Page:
The Burns Paiute tribe, whose ancestral lands are occupied by protesters at the Malheur National Wildlife Refuge, have asked officials to prosecute the armed activists for potential damage to sacred sites and historical artifacts.
By Molly Jackson
For the nearby Burns Paiute tribe, however, much more is at stake: 4,000 tribal artifacts, maps, and hundreds of sacred sites that they fear may be damaged or carted off for profit while their ancestral lands remain under the control of armed activists who see loggers and ranchers, not Native Americans or the federal government, as the land's rightful owners.
"As far as I'm concerned, our history is just another hostage," Paiute Tribal Council Chairwoman Charlotte Rodrique told the Associated Press.
After weeks of speaking out against the occupation, the tribe has written a letter to the US Fish and Wildlife Service (FWS), which manages the refuge, asking that the Citizens for Constitutional Freedom, as the occupiers are now calling themselves, be prosecuted for any damage to federally protected artifacts. A copy was also sent to the US Attorney for the state of Oregon, Billy Williams, according to the AP.
By Justin Streight
“Armed protestors don’t belong here. They continue to desecrate one of our most important sacred sites. They should be held accountable.”
Tribal council member Jarvis Kennedy highlighted one particular fear—that the artifacts could end up for sale.
“They could be on eBay right now—we don’t know. With militia members coming and going freely from the refuge, who knows what’s leaving there?”
Oregon Wildlife Refuge Occupiers Rifle Through Native American Artifacts
By Brendan O'Connor
Earlier this week, Burns Paiute tribal chairperson Charlotte Roderique expressed concern over how the militia was handling the tribe’s history. “We are really worried about the status of the artifacts down there,” Roderique told the Indian Country Today Media Network. (Gawker could not reach Roderique for comment.)
“I understand they took a bulldozer and built a line around the refuge headquarters,” Roderique told Indian Country Today. “You can’t go and bulldoze things. I don’t know what these people are doing if they are doing things to just get a rise or to be martyr—all they are doing is making enemies out of the people they professed to support.”
Last week, the tribe delivered a letter to the U.S. Attorney and the U.S. Fish and Wildlife Service demanding the militants’ prosecution “if the occupiers disturb, damage, remove, alter, or deface any archaeological resource on the refuge property.”
By Arturo Garcia
The video, posted on YouTube by multiple-time felon Stanley Blaine Hicks under his “Blaine Cooper” alias, shows LaVoy Finnicum walking through a storage room at the facility, saying it contains artifacts shoved into boxes.
“You can see there’s some rat’s nests in here,” Finnicum says, motioning toward one group of boxes. However, no rats are visible at any moment during the three-minute video.
“My question is, why do they just keep them down here?” Finnicum asks.
Militants Plow New Roads At Refuge, Possibly Damaging Artifacts
By Amanda Peacher
“There’s a reason why there’s not a road there,” said Foerster. “If there was a need for a road in that particular location, we would have over the past 108 years put a road in that location.”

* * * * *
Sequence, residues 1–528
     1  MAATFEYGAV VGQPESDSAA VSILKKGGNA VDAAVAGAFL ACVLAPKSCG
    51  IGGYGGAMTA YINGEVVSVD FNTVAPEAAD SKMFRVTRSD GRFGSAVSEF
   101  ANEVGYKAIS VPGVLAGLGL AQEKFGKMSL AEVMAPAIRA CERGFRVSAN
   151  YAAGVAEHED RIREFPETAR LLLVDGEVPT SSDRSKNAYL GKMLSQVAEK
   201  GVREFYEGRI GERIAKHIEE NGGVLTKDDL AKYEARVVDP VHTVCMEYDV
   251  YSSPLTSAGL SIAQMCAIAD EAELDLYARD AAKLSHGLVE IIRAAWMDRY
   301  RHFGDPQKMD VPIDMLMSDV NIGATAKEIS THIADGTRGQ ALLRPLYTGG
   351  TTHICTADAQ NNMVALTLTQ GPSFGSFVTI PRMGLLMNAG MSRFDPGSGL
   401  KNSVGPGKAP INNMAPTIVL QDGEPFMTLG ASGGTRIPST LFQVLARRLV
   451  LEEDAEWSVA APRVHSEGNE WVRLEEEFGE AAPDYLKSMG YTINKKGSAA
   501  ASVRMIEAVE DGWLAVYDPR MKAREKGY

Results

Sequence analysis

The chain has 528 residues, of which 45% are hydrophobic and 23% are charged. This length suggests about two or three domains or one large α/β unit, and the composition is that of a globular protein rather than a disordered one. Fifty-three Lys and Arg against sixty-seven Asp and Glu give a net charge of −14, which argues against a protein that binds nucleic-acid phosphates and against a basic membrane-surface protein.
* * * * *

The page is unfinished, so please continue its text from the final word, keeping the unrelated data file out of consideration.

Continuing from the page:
The agency said the action is likely a violation of the Archaeological Resources Protection Act, also known as the ARPA.
“Even disturbing 3 to 4 inches on the surface is an ARPA violation,” said Holm. “Investigators will have to excavate to determine depth of disturbance in several areas to understand the extent of the damage.”
Bundy Militia Compared To ISIS For Pawing Through Native American Artifacts, Destroying Sites
By Kristina Killgrove
The Daily Kos quotes tribal council member Jarvis Kennedy as saying, “They just need to get the hell out of there. They didn’t ask anybody, we don’t want them here.” And the archaeologist for the US Fish and Wildlife Service, Carla Burnside, told ICTMN that militants released photos of themselves in her office rifling through sensitive archaeological files. Fish and Wildlife Service assistant director of external affairs, Jason Holm, further told Oregon Public Broadcasting that the road the occupiers recently bulldozed is “an archaeological site important to the Burns Paiute Tribe.” They also removed a fence that Holm said was “a deterrent to keep fire crews from driving across the archaeological site.”
The actions of the Bundy-led militia almost certainly go against ARPA, in spite of what Finicum and friends seem to think. Legal protections have been put into place over decades in the US to protect Native sites, artifacts, and burials and to help right the wrongs done to Native archaeological remains since Europeans first landed. Finicum may think he is doing the right thing in his misguided attempt to repatriate artifacts that are being stored at the refuge by choice and by design, but the Paiute vehemently disagree. And as it’s their heritage, it’s their right to rebuff Finicum and to bring federal action against the occupants who have no idea how to handle the artifacts or how to safeguard their sacred sites.
Rodrique’s quote in ICTMN sums it up for me, and for many of the people in my Twitter feed outraged by this brash disregard for the opinions of Natives: “I don’t know what these people are doing… if they are doing things to just get a rise or to be a martyr—all they are doing is making enemies out of the people they professed to support.”